Burncycle promises robot Ocean’s 11, but delivers drudgery instead

The soft hum of servers and the whirr of sentry drones are broken up by the clicking actuators of your robotic team of infiltrators. Through a maze of corridors and corporate offices, avoid detection and break into rooms to gain access to the company’s secure operations in order to shut them down.

That is firing cycle, the latest release from publisher Chip Theory Games, a small studio known for its slick designs and chunky components that include signature plastic chips and miles of neoprene mats. It’s a fully cooperative experience, with up to four players working together in a complex stealth-based tactical game.

Polygon got a chance to preview the game ahead of this year’s Gen Con in Indianapolis and, similar to Chip Theory’s previous title, Cloudspire, we found an elaborate game of enormous scope. In the various scenarios, you traverse one to three floors, each of which corresponds to a small dungeon in width. This can be quite a commitment as the longest option takes three or four hours to fully complete. Of course, there are shorter missions, but even these present a cerebral challenge of juggling multiple subsystems and processes.

Burncycle designed to be played on the table.

firing cycle makes excellent use of Chip Theory’s signature poker chip tokens, giving the game a powerful feel.
Image: Chip Theory Games

Mastering the ruleset takes multiple games and a heavy dose of dedication. Players take turns performing actions limited by the burn cycle of the same name. This is a row of chips on a sideboard that you pull from a bag and manipulate throughout the game. Each represents an action, with certain chips enhancing certain action types such as terminal or movement. This approach greatly influences the tactical approach you construct each turn and how you tackle the obstacles on your current floor of the building you are trying to infiltrate. In addition, the burn cycle degrades over time and requires maintenance from players as fragmented chips are replaced with new options.

Dice are rolled to perform each of these burncycle actions as you move through corridors, interact with the board, and even occasionally take apart an enemy sentry post or two. Shifts come quickly as there are processes to break into locked doors, alert guards, explore rooms, and manage energy. Enemies have their own activation phase and priority system, track recently discovered invaders, or move on a patrol path.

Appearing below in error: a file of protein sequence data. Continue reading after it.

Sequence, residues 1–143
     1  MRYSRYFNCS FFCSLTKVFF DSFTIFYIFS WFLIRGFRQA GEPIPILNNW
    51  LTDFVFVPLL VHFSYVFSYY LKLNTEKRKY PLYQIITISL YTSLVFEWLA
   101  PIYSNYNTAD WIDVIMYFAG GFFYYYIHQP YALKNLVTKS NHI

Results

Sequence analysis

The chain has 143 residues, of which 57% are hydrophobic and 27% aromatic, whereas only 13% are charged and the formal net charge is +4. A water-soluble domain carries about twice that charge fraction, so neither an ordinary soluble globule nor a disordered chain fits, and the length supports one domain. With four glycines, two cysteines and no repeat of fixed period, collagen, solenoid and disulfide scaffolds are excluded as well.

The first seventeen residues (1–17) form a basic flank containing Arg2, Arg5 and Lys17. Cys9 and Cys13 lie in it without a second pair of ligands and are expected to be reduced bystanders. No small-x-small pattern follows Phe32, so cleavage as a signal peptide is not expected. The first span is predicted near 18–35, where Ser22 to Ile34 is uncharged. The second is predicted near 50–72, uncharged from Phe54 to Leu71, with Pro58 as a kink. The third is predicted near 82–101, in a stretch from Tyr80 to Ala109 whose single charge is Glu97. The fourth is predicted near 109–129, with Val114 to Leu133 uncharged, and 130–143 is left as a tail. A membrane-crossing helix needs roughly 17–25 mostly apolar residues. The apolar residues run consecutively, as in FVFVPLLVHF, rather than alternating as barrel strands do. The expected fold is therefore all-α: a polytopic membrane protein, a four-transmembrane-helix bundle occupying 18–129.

A player's sideboard, an edge-sewn neoprene mat.

Chip Theory has also swapped cardboard components for neoprene where possible to give the game a luxurious feel.
Image: Chip Theory Games

We are not finished yet. There’s an entirely separate mini-game that represents the digital portion of your team’s heist. You move your character’s pings across an interconnected network, avoiding detection by the AI ​​opponent while balancing your priorities between the physical and simulated digital gameplay. This is done to lower the threat level, another system that affects how the environment reacts. There are other things like B. a Command Module robot shared by players, items to use, and personal goals called Imperatives.

Sometimes it’s just too much. It can feel more procedural and artisanal than entertaining or dramatic. I would compare large parts of the game to the emotional resonance of actually writing software or doing database management, which is hard to reconcile with the promise of a robot ocean 11. Too much time is spent waiting in rooms to avoid patrolling sentries or fumbling with side distractions as opposed to actual, meaningful progression.

A few stacks of Chip Theory chips in a clear plastic case.

Custom pack-ins help keep track of components.
Image: Chip Theory Games

At its core, however, lies a deep and rewarding mystery. Unraveling this riddle is a cognitively engaging experience that offers great satisfaction when you emerge on the other side. It works especially well as a solitary endeavor where you can exit the game setup and return to the problem at your own pace. It’s also surprisingly modular, offering a ton of variable content like new bots, businesses, and scenarios to shake up the game. These interlocking options are the game’s greatest strength and allow for easy expansion with additional aftermarket options. The core box is huge in itself – and expensive, only costing $150 for the base game alone – but the overall system has legs and the publisher has shown commitment through ongoing support.

firing cycle is a unique and rich tabletop experience that requires a heavy investment from its players. It is a very appealing product with eye-catching looks and stylish tabletop presence. Publisher Chip Theory Games is in the middle of its second crowdfunding campaign for the title, this time on Gamefound, where the boxed game and all of its expansion packs are available for pre-order. Delivery is expected by March 2023.

https://www.polygon.com/23291283/burncycle-board-game-review-impressions Burncycle promises robot Ocean’s 11, but delivers drudgery instead

Charles Jones

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